NYC CONNECT returns in person, connecting students and alumni
Rachel Dragoy ’19 and Brendan Geen ’19 both attended NYC CONNECT when they were seniors at Binghamton University — and both saw such value in it that they were quick to jump at the chance to host current students for Employer Treks this January.
NYC CONNECT, held annually in Manhattan (although disrupted by the pandemic), consists of a student and alumni Network Night sponsored by the Office of Alumni Engagement and a series of Employer Treks held throughout the week at employer sites in New York City. The treks are arranged by the Fleishman Center for Career and Professional Development, in partnership with School of Management Career Services, Watson Career and Alumni Connections, Harpur Edge, College of Community and Public Affairs Career and Intercultural Services, and Decker College of Nursing and Health Sciences.
Two hundred and seventy-eight students participated in the University’s flagship networking event Monday, Jan. 9, at the Sheraton New York Times Square Hotel in New York City, meeting with 110 alumni representing a wide variety of industries and professions. The NYC Employer Treks, held Jan. 9–13 at 24 New York City-based employers, provided 140 students with valuable opportunities to enhance their professional education, explore various work environments and industries, learn about career opportunities, make connections and expand their professional networks.
A typical Employer Trek lasts two hours and consists of an employer presentation and information session, a panel of employees, a company tour, open question-and-answer time, and an opportunity to network with alumni and other professionals.
“Our alumni are such a valuable resource to our current students,” said Lindsey Murtland, senior associate director of employer engagement and partnerships at the Fleishman Career Center. “As our students begin their career exploration, alumni best represent the types of roles and opportunities available to students for internships or full-time positions. We strive to include alumni in NYC CONNECT because they can provide specific advice to students based on their personal experiences at Binghamton University.”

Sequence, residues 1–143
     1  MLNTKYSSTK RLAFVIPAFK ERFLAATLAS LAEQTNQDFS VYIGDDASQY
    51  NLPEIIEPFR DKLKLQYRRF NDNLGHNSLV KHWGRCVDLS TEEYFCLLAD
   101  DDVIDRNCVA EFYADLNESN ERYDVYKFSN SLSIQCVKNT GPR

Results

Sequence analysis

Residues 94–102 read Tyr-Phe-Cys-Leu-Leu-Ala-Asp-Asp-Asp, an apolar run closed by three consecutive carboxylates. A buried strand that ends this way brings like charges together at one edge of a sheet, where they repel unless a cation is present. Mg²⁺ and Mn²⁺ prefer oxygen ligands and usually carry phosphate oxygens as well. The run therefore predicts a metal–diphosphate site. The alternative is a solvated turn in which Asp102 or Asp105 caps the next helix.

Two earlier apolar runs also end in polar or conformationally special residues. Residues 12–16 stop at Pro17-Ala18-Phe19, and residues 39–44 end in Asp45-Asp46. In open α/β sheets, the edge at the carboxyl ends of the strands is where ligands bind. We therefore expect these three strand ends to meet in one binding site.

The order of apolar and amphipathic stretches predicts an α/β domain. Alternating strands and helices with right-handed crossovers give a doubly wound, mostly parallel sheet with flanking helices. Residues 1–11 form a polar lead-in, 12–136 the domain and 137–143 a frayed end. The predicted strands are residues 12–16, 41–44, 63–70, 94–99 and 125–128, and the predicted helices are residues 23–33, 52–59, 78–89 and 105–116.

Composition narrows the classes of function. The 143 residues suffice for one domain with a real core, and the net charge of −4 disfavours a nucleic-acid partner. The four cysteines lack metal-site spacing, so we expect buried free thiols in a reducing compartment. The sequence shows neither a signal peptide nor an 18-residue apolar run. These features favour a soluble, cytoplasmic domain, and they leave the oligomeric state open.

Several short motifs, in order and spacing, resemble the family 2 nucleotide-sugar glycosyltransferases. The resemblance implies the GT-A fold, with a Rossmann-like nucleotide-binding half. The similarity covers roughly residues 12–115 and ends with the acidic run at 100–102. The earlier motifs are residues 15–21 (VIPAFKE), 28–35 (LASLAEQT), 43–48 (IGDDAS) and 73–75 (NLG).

Dragoy and Geen were two of the alumni invited by Kathie Boice, assistant director of student employment at the Fleishman Career Center, to participate as an Employer Trek site. For Dragoy, now a coverage and investment banking associate at Crédit Agricole Corporate Investment Bank, saying yes was a no-brainer.
“I absolutely think it’s important to have a strong alumni network for the students, and hosting a trek is another way alumni can be a resource to students,” she said. “Any way I can give back to Binghamton, I’m happy to do so.”
After transferring to Binghamton University, Dragoy was nervous to start at the School of Management (SOM) as a business administration major with a concentration in finance. She hadn’t had great luck with career services at her previous institution. She was immediately impressed by the Fleishman Career Center’s breadth of services and focus on the student experience.
“I was routinely at the Fleishman Career Center, and I tried to use it as much as I could,” she said. “The center was an invaluable resource for me as a student, and I think it still is for School of Management students.
“I went there for peer and professional career advice, resume tips and review, and mock interviews,” Dragoy added. “It helped build my confidence, attention to detail, speaking and other communication skills, and overall professionalism.”